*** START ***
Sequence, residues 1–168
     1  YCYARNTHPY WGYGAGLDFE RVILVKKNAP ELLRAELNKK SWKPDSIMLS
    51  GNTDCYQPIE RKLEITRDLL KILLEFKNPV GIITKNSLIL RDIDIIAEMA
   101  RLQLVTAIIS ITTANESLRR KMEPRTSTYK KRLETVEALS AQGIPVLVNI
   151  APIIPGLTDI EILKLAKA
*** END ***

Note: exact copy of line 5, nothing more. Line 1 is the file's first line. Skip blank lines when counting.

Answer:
   151  APIIPGLTDI EILKLAKA